I have been so sad for my beloved Italy. My first extended stay there was in 2012 (I had been there on short trips prior to that date). On one particularly beautiful autumn day in Perugia, I was walking to my Italian class and I heard a voice from above. I looked up and saw a woman leaning from her balcony, like a modern-day Juliet. But she was not in love. She was gesticulating madly at my bare ankles. It took me a while to realize it, but she was telling me to go back in and put on socks. She kept insisting that it was “un freddino, oggi.” A cold one, today. I explained that I was from Canada and that it didn’t feel cold to me.
I thought of that moment when I watched the many touching online videos of Italians singing from balconies and windows these past few weeks, connecting in the only ways they can find. These images are particularly bittersweet because I suspect that in Toronto, we’d be filing noise complaints against each other in the same situation.
Since 2012, I’ve gone back annually, but that year was my first exposure to what I call the “large extended family” aspect of life in Italy. Italians up and down the boot will insist that their town and dialect and local pastry is vastly different and infinitely better than the one 20 miles over. And while my Italian is fluent enough that I can decipher some of those differences, to Canadian or American eyes there is still relative homogeneity in Italian culture.
There are more immigrants now, there are the culturally globalizing forces of television and the internet, but compared to life in even small-town Ontario, there’s always a feeling in Italy of being part of the same dysfunctional – and at times joyful and warm – family. There is a lack of privacy that can take some getting used to. It is telling that Italians don’t have their own word for privacy – they use ours. “La privacy.” (I do like that it’s feminine.)
It can be amusing, like when I was on a bus trip and Italians from the front of the bus got into a conversation with Italians at the back. They didn’t get up to talk to their new acquaintances. They just shouted back and forth. Eventually, people in the middle seats added their two euros.
I believe it is one of the reasons the screen window has not become a hit in a country where the lengthy mosquito-season, scary spiders and lack of effective air-conditioning ought to make it one. With a screen window you can’t lean out and tell a woman you’ve never met that she should put on socks. If you read or watch ‘My Brilliant Friend’ – the exceptional HBO series which began its second season this month — you will recall the numerous scenes in which people are leaning out their windows or off of their balconies talking to, or about, someone. (And if you aren’t watching the series, you are a fool.)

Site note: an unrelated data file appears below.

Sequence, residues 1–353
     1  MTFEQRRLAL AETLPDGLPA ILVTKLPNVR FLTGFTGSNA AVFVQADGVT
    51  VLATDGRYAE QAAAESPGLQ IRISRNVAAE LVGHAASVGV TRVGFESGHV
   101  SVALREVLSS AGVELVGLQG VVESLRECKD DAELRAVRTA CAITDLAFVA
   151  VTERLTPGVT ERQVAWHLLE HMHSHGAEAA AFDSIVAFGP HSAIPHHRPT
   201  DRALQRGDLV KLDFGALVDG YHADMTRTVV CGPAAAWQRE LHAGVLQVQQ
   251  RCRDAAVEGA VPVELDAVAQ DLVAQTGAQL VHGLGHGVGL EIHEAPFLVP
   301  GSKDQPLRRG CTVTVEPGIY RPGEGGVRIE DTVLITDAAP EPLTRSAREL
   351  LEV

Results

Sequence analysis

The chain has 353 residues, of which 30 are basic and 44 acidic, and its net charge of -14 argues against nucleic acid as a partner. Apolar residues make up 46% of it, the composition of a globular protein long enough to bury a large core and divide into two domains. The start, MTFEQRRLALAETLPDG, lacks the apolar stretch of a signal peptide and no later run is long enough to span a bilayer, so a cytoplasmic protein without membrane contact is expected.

I am generalizing, and the balcony scenes of quarantined Italians likely appeal to us because they reflect a comforting stereotype in a frightening time: Italians emoting from balconies; Italians with accordions and mandolins; singing Italians; shouting Italians. And yes, it’s possible that in another month they will be throwing more than their voices from windows and terraces.
But I have lived on three continents and traveled extensively and can’t think of a people with more of a compulsion to communicate. Fittingly, Italians are addicted to their telefonini (cellphones) but that isn’t enough. This is a country where, apart from the famous baci and abbracci (kisses and hugs), it is commonplace to see people of all ages walking with arms linked – men, women, men and women. As the British journalist John Hooper writes in his book, The Italians, “No people on earth express themselves as visually as the Italians.” The need for the face-to-face is strong.
So much so that when I first heard of Italy’s nation-wide quarantine, I thought, “yeah, this will go well. A nation of pathological extroverts with limited respect for the law asked to obey the law and behave like introverts.” But they are, with few exceptions, doing what they can to make it work.
In 2016 my time in Italy coincided with a spate of powerful earthquakes; I was living 30 kilometres from the epicentre and one morning woke up feeling rather like the little girl in The Exorcist, as my bed shook and rattled. When I gave away my anxiety, Italians – friends, acquaintances and strangers – would try to reassure me, saying, Niente paura. No fear. Don’t worry. Of course, Italians have painful and extensive experience with earthquakes. Not so Covid-19. I don’t think a mere niente paura can provide much comfort against the current death and illness toll. That is where the interfering extended family and those magical musical moments come in handy.